Effect of cyclin D1 expression in IL-3 deprived BD1-subclones

When BaF3 cells were deprived of IL-3 by washes and cultured in medium without WEHI-3B conditioned medium (CM) as source of IL-3, there was a rapid decline in cell viability beginning at 6 h that led to more than 95% cell death in 48 h (Figure 4B). This cell death phenotype was characterised as apoptotic by several groups including us.28 BD1 sub-clones were cultured in the absence of IL-3, treated (or not) with different concentrations of muristerone A (1-10 muM) and harvested at different time intervals. BD1-9 and BD1-31 sub-clones displayed the same sensitivity upon IL-3 withdrawal as BaF3 parental cells (Figure 4B). The induction of cyclin D1 in BD1-9 and BD1-31 cells enhanced the effects of IL-3 withdrawal on cell apoptosis. Indeed, cell mortality of cyclin D1-expressing clones was accelerated as a function of muristerone A concentration i.e. of cyclin D1 protein level (see 10 muM muristerone A at 6 h, 5 and 10 muM at 24 h for both clones).

Cyclin D1-induced cell death is apoptotic

In order to characterise the synergistic effect of IL-3 deprivation and cyclin D1 over-expression, BaF3 cells and derivatives were seeded after washes, in absence of any source of IL-3 and treated or not with muristerone A (1 muM). Cells were analyzed 14 h later, by flow cytometry after DNA staining with propidium iodide. As exemplified in Figure 5 (right side of the figure), IL-3 withdrawal from BaF3 and BD1-9 cells led to the appearance of a sub-G1 peak corresponding to apoptotic cells possessing a sub-DNA content. After induction of cyclin D1 in deprived BD1-9 cells, the percentage of apoptotic cells present in the sub-G1 peak was markedly enhanced (48.2 versus 33.2% of apoptotic cells) confirming that cyclin D1 over-expression resulted in an increase in sensitivity towards apoptosis. The same result was obtained for BD1-31 cells (data not shown). We also verified the type of cell death induced by high doses of muristerone A in BD1-9 and BD1-31 cells. As depicted in Table 4, when BD1-9 and BD1-31 cells were treated with 5 muM muristerone A, they ceased proliferation (the number of cells in S-phase was diminished) and were blocked in G0/G1 phase (the number of cells in G0/G1 phase was increased). Moreover, the enforced expression of cyclin D1 by 5 muM muristerone A, led to the appearance of a cell population possessing a sub-DNA content reminiscent of apoptotic cells. The characterisation of cyclin D1-expressing cells as apoptotic was also confirmed after morphological microscopic examination of DAPI-stained cells. As exemplified in Figure 6, normal cells (A) and cells with shrunken cellular bodies and apoptotic profiles (B) were recognised. We thus concluded that a sustained over-expression of cyclin D1 triggered apoptosis in growing cells and enhanced apoptosis induced by growth factor deprivation.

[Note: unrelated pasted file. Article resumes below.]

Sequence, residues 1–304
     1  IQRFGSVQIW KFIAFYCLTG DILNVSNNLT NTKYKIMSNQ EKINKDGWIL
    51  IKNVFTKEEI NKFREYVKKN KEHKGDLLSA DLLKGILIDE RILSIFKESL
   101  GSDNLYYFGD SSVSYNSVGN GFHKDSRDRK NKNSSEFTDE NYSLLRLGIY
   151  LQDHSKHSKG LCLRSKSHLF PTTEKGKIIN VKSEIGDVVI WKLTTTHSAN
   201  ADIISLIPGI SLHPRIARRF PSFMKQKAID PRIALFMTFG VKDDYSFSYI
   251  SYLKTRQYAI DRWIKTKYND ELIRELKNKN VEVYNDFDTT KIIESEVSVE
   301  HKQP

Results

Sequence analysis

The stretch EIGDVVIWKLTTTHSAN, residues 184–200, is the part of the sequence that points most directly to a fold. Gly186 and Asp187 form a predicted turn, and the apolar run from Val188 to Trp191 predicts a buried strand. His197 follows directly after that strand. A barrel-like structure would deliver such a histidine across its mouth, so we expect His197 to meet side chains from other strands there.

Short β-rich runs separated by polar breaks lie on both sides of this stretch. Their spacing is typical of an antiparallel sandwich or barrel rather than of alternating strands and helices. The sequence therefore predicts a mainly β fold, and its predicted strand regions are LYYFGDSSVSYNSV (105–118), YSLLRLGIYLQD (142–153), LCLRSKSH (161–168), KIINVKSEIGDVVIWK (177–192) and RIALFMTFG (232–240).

Sensitisation of cyclin D1-expressing cells to etoposide-induced apoptosis

We then asked whether induction of cyclin D1 could also enhance apoptosis induced by another type of stimulus. We chose etoposide, an anticancer drug, which inhibits topoisomerase II, induces DNA double-strand breaks and a rapid apoptotic cell death. Dose-response studies were performed on BaF3 cells and derivatives with various concentrations of etoposide. As determined after Trypan blue exclusion, treatment with 40 mug/ml etoposide resulted in a cell mortality of 78% for BaF3, 72% for BD1-9 and 88% for BD1-A21 at 24 h (data not shown). BaF3 cells, BD1-9 and BD1-31 cells induced or not for cyclin D1 expression with 1 muM muristerone A were treated with 40 mug/ml etoposide and analyzed for the presence of cells having sub-diploid DNA content 24 h later. After drug treatment BaF3 cells and derivatives exhibited a block in S-phase. As deduced from FACS analysis of BaF3 and BD1-9 cells (Figure 7), the cell population in G0/G1 phase was decreased (41.8 versus 30.3% and 38.6 versus 26.7%, respectively). There was a complete absence of dividing cells (no cells in G2/M-phase) and an increase of the cell population in S-phase (50.2 versus 69.7% and 48.4 versus 73.3%, respectively). Moreover, etoposide induced cell apoptosis since 37.6% BaF3 and 31.5% BD1 cells displayed a sub-diploid DNA content. The induction of cyclin D1 with 1 muM muristerone A in BD1-9 cells potentiated the effects of etoposide on cell apoptosis. Indeed, the percentage of cells having a sub-diploid DNA content increased from 31.5 to 47.1% in BD1-9 cells. Similar results were obtained with BD1-31 cells (data not shown). We conclude that induction of cyclin D1 in lymphoid cells modifies their response towards diverse apoptotic stimuli such as lack of survival signal (growth factor withdrawal) and DNA damage (anticancer drug).